}

And then, jump into templates/article/show.html.twig. Scroll down a little... ah, yes! First, update the count: article.comments|length:

... lines 1 - 4
{% block body %}
<div class="container">
<div class="row">
<div class="col-sm-12">
<div class="show-article-container p-3 mt-4">
... lines 11 - 39
<div class="row">
<div class="col-sm-12">
<h3><i class="pr-3 fa fa-comment"></i>{{ article.comments|length }} Comments</h3>
... lines 43 - 71
</div>
</div>
</div>
</div>
</div>
</div>
{% endblock %}
... lines 80 - 86

Easy! Then, below, change the loop to use for comment in article.comments:

... lines 1 - 4
{% block body %}
<div class="container">
<div class="row">
<div class="col-sm-12">
<div class="show-article-container p-3 mt-4">
... lines 11 - 39
<div class="row">
<div class="col-sm-12">
<h3><i class="pr-3 fa fa-comment"></i>{{ article.comments|length }} Comments</h3>
... lines 43 - 57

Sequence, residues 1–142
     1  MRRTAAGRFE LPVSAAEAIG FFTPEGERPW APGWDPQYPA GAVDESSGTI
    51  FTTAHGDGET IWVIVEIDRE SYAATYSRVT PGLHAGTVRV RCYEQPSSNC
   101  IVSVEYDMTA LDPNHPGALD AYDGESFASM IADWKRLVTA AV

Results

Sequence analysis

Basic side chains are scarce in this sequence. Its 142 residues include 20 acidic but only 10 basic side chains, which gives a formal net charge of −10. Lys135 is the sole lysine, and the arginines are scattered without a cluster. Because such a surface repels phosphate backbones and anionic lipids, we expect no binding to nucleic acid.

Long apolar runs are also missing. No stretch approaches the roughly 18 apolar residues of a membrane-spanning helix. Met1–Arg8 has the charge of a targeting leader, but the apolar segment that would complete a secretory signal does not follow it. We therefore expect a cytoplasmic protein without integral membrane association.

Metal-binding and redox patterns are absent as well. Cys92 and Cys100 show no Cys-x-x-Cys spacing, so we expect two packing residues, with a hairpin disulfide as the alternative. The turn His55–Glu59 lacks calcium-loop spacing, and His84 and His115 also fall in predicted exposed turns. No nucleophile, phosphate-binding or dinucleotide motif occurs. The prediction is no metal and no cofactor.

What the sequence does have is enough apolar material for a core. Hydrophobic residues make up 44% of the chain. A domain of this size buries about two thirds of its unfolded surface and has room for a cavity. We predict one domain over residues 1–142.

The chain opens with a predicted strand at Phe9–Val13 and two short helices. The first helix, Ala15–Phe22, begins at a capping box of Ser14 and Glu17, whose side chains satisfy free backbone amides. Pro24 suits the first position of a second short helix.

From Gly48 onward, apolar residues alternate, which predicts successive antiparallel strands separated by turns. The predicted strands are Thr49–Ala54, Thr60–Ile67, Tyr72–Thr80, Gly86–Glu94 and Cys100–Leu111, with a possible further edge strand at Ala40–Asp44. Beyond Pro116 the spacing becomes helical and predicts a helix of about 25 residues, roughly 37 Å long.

{% for comment in article.comments %}
... lines 59 - 69
{% endfor %}
</div>
</div>
</div>
</div>
</div>
</div>
{% endblock %}
... lines 80 - 86

And because each comment has a dynamic author, print that with {{ comment.authorName }}. And the content is now comment.content:

... lines 1 - 4
{% block body %}
<div class="container">
<div class="row">
<div class="col-sm-12">
<div class="show-article-container p-3 mt-4">
... lines 11 - 39
<div class="row">
<div class="col-sm-12">
<h3><i class="pr-3 fa fa-comment"></i>{{ article.comments|length }} Comments</h3>
... lines 43 - 57
{% for comment in article.comments %}
<div class="row">
<div class="col-sm-12">
... line 61
<div class="comment-container d-inline-block pl-3 align-top">
<span class="commenter-name">{{ comment.authorName }}</span>
... lines 64 - 65
<span class="comment"> {{ comment.content }}</span>
... line 67
</div>
</div>
</div>
{% endfor %}
</div>
</div>
</div>
</div>
</div>
</div>
{% endblock %}
... lines 81 - 87

Oh, and, because each comment has a createdAt, let's print that too, with our trusty ago filter:

... lines 1 - 4
{% block body %}
<div class="container">
<div class="row">
<div class="col-sm-12">
<div class="show-article-container p-3 mt-4">